Miller: It is so complex. And they are arguably as important as each other. But after the start of the Russia-Ukraine war, the energy transition—which had been at the forefront of people's minds before and during Covid—entered a period of uncertainty. These geopolitical and supply pressures took away some of the advances we had made in lowering emissions. A challenging energy supply or a weak storage capacity—which is the situation that we have in in Europe—may trump everything else. At the start of the year the Energy Council ran a survey asking an oil-and-gas-centric audience to rate, on a scale of one to three, the importance of energy security, affordability and transition. Surprisingly—or maybe unsurprisingly—energy transition came last on that list.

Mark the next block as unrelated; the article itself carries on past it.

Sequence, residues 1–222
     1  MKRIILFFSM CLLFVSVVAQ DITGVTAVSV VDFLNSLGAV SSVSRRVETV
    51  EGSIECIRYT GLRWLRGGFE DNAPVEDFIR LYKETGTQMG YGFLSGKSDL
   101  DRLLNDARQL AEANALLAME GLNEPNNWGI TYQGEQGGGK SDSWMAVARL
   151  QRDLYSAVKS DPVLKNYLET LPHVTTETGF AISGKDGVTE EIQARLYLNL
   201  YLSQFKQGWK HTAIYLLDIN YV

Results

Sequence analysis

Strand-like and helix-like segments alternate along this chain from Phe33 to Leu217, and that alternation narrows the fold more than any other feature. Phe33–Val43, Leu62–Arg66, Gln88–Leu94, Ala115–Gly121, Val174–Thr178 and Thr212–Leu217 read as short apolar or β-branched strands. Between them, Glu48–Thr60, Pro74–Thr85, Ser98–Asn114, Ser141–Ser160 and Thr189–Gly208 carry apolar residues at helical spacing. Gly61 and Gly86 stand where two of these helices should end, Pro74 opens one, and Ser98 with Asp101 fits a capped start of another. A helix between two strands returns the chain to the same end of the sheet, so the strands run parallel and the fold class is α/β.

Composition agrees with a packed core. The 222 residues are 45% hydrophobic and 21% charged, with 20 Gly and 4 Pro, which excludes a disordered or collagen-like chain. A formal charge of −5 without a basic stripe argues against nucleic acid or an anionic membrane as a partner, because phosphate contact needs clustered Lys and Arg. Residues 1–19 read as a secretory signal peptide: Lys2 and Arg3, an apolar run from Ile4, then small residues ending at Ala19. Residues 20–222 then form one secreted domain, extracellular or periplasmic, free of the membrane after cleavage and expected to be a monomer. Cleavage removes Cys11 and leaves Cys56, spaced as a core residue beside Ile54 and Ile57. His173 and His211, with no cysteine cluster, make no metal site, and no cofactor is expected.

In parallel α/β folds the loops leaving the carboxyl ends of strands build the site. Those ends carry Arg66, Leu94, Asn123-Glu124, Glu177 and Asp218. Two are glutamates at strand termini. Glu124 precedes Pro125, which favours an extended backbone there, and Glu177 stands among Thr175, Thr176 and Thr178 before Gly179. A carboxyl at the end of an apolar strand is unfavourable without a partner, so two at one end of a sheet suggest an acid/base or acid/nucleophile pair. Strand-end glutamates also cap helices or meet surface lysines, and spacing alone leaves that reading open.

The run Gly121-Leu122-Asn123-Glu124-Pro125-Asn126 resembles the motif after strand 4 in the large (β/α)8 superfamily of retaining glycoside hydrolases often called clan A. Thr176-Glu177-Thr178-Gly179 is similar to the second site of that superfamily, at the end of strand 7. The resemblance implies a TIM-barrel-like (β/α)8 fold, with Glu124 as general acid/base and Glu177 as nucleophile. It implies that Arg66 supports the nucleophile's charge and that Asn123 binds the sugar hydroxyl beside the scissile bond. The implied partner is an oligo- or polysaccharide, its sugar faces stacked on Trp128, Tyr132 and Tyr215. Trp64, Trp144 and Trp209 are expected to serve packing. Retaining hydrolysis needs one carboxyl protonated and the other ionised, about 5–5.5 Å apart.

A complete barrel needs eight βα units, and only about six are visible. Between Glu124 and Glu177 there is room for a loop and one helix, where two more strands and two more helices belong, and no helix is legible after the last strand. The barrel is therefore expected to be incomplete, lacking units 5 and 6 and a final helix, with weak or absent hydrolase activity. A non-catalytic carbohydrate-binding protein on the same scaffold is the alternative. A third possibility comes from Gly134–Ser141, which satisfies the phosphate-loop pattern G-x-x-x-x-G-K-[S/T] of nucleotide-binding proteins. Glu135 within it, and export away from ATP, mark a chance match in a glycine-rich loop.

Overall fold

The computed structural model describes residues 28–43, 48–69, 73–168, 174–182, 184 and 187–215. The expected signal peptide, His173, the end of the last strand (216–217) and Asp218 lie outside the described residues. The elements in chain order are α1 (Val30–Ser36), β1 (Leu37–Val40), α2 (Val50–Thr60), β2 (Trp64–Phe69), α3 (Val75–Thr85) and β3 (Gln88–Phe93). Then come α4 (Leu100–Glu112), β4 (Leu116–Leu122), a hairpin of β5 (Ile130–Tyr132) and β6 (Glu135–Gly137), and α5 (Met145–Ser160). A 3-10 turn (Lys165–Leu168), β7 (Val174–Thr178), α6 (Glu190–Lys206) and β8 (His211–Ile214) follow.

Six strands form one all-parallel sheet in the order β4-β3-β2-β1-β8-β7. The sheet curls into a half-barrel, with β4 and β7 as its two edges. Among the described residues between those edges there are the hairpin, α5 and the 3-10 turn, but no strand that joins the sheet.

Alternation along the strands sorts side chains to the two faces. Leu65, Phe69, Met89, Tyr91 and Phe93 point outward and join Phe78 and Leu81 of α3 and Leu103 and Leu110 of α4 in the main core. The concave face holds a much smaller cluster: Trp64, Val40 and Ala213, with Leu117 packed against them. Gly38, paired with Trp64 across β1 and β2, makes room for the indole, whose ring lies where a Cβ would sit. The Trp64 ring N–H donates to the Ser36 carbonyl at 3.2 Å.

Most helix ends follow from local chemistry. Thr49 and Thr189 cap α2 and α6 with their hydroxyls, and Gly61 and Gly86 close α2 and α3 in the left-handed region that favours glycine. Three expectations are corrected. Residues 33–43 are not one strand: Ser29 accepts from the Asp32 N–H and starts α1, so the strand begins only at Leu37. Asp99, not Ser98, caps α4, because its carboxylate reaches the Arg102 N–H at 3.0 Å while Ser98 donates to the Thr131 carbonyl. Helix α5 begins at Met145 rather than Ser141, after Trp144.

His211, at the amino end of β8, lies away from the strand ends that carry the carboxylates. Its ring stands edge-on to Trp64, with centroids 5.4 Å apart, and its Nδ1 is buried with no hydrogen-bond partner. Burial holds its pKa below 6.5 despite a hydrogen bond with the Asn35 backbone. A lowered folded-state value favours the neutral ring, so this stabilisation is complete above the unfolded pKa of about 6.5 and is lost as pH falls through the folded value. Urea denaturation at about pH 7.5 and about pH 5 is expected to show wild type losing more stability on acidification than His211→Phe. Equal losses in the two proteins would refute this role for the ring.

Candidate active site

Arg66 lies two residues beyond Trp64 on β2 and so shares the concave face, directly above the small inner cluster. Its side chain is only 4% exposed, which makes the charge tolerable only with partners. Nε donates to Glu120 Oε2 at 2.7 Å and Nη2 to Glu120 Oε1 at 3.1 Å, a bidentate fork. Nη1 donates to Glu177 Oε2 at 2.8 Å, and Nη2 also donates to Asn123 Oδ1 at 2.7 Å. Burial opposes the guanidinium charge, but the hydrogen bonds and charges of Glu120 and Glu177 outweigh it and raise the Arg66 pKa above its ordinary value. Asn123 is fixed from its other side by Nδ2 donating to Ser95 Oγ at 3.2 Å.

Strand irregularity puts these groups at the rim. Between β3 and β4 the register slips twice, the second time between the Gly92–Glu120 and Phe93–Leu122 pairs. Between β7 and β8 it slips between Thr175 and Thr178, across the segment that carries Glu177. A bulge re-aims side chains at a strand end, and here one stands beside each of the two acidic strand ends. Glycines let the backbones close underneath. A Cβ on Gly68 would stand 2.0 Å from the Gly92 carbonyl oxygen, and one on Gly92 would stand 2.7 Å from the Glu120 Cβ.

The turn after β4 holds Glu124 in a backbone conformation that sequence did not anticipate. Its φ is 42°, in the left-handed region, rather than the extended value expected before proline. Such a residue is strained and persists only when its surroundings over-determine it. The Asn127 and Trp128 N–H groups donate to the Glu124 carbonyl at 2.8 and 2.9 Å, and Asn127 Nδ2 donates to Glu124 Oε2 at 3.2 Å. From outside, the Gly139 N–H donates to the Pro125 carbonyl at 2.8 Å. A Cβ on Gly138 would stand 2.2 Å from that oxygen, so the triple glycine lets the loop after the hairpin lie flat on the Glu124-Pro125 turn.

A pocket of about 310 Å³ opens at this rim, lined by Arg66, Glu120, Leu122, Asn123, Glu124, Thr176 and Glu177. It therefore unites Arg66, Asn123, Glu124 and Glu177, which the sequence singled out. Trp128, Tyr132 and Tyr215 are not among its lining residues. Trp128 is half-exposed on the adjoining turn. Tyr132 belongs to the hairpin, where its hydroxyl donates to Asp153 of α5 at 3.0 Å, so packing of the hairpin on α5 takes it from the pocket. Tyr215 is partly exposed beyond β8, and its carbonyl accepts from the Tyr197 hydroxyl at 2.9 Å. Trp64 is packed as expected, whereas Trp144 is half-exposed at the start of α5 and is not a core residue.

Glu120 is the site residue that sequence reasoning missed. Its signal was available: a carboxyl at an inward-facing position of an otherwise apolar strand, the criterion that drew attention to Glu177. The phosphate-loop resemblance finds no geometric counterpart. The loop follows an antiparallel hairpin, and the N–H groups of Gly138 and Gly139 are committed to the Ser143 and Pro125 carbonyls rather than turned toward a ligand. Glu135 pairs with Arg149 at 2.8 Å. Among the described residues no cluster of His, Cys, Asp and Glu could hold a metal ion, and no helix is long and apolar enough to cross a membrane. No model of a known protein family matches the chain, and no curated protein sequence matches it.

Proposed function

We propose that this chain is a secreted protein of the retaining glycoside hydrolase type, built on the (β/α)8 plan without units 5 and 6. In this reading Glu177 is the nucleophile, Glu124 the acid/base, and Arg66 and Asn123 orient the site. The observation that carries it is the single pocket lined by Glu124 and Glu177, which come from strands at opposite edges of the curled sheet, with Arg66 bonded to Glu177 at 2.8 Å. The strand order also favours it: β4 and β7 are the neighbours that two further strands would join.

Clean energy is perhaps something that can really be thought about only when we find ourselves in a more privileged situation. There are millions of people without access to any energy sources at all, so the transition needs to be approached in a realistic way. The focus now is on sourcing a diversity of energy—and oil and gas are part of that mix. That is the solution to energy security. We have entered a more pragmatic era, where we all absolutely understand and advocate the need for the energy transition and a commitment to curbing world temperatures, but we know this needs to be done in a smart, measured way, where oil and—in particular—gas still form a significant part of the energy mix. But traditional oil and gas providers have to also commit to decarbonising their processes, lowering their asset emission profiles and reimagining the supply chain they work in to support the energy transition.
We do not talk enough about the fact that the majors are among the largest investors in the world in clean, low-carbon energy and decarbonisation technologies.